OPINION: I saw a headline from OverseerFM that less nitrogen is being lost to the soils across Canterbury dairy farms.
My first thought was, is it simply because of fewer cows per hectare? Have farmers maintained production per hectare while reducing nitrogen losses? If so, cheers to that double success.
The OverseerFM study covered 302,000 hectares of dairy production land and 1269 farm records. This is a chunky 25% of the Canterbury plains. In 2021-22, the average nitrogen loss was down to 46.2 kg/ha, from 63.8 five years earlier.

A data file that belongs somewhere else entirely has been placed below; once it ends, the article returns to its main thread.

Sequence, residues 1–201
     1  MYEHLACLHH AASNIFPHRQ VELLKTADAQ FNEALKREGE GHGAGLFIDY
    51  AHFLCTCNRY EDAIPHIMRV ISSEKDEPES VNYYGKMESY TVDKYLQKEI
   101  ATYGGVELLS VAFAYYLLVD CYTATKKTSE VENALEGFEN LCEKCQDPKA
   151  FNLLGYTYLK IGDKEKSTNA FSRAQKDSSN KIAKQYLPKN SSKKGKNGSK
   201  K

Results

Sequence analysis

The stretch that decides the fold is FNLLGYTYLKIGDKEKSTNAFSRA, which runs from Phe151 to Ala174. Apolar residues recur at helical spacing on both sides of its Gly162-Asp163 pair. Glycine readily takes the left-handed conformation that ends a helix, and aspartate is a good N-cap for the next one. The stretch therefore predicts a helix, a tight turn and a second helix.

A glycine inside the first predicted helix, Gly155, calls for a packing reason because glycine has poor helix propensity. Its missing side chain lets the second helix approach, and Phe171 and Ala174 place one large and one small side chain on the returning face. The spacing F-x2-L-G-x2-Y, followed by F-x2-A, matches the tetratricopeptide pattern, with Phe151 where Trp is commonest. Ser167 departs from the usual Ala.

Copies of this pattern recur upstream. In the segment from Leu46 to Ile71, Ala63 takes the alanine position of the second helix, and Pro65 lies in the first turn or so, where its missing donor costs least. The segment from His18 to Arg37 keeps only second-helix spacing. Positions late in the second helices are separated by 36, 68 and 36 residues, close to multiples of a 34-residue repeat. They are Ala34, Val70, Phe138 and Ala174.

Nitrogen loss is what is lost into the soil and not used up by any plants. It is not a measure of what might be going into waterways though. That’s another whole study.
So how have farmers done it? The short answer is stocking rate per hectare has only dropped one percent over the five years of the study, so it’s not a case of simply removing cows.
The OverseerFM Report is clear the drop is not related to changes in dairy farm area or herd size over this period. It says the modelled decrease in nitrogen loss indicates changes in farming practices. Let’s hear about these management changes please, as that’s a clear win-win.